• Manipulative Bastard: Simonini and, well, almost every other character.
  • Mockspiracy: The book is about the creation of a hoax document outlining an alleged "Judeo-Masonic conspiracy".
  • Note to Self: Strongly subverted, as Simonini suspects that he and Dalla Piccola are the same person - and shares with him this suspicion - but cannot be sure for a long time.
  • Number of the Beast - Repeatedly told by the children present at the black mass.
  • Ominous Opera Cape: The cover of most editions features a model case.
  • Pay Evil unto Evil: Subverted. Although Simonini states early on that it seems that he has only practiced his villainy on people who were villains themselves, this turns out to be not so accurate.
  • Pedophile Priest: Simonini's tutor, a Jesuit priest, makes a sexual advance to him during one of their lessons. This probably accounts for his contempt of all priests later on.
  • Shout-Out: Most notably to Italo Calvino and to Dumas's Joseph Balsamo - not only does Eco make Simonini explicitly refer to this book (and meet its author) but also places in the novel many plot references to Dumas's book.
  • Shown Their Work:
    • Actually, Eco's scholarly essays in which he mentions Protocols can be very useful in grasping the meaning of the events in the novel.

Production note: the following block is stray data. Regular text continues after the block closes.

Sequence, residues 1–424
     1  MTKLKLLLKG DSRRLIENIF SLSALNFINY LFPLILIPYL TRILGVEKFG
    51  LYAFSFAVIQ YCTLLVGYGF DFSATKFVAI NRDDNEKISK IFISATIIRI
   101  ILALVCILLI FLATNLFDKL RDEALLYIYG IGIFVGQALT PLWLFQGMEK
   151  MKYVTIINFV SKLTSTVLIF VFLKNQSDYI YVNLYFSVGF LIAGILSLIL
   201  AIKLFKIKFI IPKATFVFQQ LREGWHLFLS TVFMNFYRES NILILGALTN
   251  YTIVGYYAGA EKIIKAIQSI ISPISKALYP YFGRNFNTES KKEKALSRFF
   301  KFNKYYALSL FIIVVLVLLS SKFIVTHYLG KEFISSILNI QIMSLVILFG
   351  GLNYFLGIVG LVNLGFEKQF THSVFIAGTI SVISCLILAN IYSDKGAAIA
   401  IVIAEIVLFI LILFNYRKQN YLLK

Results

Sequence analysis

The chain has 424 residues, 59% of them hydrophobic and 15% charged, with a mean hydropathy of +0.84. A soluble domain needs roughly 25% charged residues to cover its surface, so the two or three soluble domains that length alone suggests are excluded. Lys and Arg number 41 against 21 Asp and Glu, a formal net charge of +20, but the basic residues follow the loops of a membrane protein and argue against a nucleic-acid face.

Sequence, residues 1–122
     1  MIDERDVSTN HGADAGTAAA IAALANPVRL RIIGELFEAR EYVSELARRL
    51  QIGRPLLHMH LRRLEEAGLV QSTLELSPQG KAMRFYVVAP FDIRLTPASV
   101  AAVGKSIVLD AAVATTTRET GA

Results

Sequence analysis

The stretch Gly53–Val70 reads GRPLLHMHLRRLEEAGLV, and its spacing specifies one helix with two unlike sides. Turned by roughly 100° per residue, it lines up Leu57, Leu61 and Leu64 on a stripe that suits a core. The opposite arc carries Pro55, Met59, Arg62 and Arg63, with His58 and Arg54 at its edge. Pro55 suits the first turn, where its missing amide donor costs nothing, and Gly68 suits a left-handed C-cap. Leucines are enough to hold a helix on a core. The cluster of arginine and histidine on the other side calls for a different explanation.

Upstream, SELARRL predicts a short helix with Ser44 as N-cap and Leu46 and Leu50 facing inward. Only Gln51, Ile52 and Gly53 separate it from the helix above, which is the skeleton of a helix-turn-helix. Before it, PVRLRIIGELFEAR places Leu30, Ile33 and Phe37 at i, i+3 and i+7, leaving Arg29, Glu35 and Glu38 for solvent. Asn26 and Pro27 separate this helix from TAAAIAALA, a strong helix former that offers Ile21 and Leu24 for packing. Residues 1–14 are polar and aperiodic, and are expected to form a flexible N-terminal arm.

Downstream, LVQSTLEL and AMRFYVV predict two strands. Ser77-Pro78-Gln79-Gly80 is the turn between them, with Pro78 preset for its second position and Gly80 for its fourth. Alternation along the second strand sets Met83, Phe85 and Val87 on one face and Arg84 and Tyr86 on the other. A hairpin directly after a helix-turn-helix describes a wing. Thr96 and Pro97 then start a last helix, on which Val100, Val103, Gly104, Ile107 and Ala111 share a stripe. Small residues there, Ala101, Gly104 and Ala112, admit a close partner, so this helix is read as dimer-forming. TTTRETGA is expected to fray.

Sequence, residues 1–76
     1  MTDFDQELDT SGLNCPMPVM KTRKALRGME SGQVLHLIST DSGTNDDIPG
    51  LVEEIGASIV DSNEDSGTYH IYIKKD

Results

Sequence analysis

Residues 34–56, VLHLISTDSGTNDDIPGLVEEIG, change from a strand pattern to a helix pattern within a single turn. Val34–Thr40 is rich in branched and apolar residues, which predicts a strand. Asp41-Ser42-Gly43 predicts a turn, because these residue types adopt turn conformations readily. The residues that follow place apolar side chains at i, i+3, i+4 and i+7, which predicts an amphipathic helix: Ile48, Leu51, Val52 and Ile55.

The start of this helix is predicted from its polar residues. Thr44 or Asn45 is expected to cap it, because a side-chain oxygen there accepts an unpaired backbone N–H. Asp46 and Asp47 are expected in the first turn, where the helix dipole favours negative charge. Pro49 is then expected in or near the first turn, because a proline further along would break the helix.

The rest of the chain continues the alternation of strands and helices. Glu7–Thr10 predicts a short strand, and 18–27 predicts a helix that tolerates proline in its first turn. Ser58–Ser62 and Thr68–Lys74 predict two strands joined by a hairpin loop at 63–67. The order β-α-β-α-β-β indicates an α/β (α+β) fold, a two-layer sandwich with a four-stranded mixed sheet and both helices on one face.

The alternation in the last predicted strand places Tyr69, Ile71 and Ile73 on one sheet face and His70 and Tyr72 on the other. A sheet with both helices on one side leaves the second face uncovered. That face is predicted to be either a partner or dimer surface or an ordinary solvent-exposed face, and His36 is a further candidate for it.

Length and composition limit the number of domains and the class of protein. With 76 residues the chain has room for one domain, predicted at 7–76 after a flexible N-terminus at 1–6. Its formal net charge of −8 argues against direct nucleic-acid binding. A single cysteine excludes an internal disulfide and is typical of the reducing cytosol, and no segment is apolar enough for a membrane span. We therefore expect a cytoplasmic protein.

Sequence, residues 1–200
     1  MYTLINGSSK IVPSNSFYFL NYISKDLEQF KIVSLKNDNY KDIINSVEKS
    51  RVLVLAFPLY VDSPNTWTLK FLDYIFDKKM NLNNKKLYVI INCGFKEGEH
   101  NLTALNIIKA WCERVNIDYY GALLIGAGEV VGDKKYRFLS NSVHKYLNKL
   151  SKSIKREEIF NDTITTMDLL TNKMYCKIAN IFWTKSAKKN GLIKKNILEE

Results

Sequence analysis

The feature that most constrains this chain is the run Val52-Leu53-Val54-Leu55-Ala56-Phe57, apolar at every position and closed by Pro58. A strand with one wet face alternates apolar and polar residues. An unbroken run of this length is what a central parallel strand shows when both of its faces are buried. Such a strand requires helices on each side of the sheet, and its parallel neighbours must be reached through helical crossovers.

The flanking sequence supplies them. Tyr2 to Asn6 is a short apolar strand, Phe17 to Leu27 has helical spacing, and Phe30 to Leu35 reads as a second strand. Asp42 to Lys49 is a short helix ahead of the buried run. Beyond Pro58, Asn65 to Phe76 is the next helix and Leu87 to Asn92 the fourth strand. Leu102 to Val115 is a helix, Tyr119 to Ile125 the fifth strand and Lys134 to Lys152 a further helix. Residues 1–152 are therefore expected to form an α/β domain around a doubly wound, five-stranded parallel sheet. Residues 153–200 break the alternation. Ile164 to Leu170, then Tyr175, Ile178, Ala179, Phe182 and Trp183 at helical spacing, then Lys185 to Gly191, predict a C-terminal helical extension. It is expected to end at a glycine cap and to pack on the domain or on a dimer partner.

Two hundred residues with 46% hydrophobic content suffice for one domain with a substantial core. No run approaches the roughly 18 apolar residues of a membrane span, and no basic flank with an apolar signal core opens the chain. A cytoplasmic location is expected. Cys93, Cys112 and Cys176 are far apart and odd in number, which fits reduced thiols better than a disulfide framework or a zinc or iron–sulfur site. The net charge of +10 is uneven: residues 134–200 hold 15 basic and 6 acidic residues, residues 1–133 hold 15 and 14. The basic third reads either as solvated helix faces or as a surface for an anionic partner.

• An early scene calls for Simonini to converse with a Jewish psychiatrist during his time in Paris. Upon realizing that Simonini's time in Paris coincided with a period of Sigmund Freud's life spent in Paris, Eco researched the restaurants and cafés Freud frequented at this time to provide his characters with a plausible meeting place.
  • Smug Snake: Simonini isn't nearly as smooth or clever as he thinks he is. He is a master forger, but when it comes to espionage and murders, he usually finds himself at the mercy of the secret police to keep himself alive and out of prison.
  • Take That!: Simonini enjoys delivering them to anyone and everyone he dislikes, such as the Germans. On a meta-level, the entire book is a Take That! to those who spread lies and half-truths in the guise of conspiracy theories, and those who fall for them - and a warning that it is happening again, and can happen in future, unless we are prudent.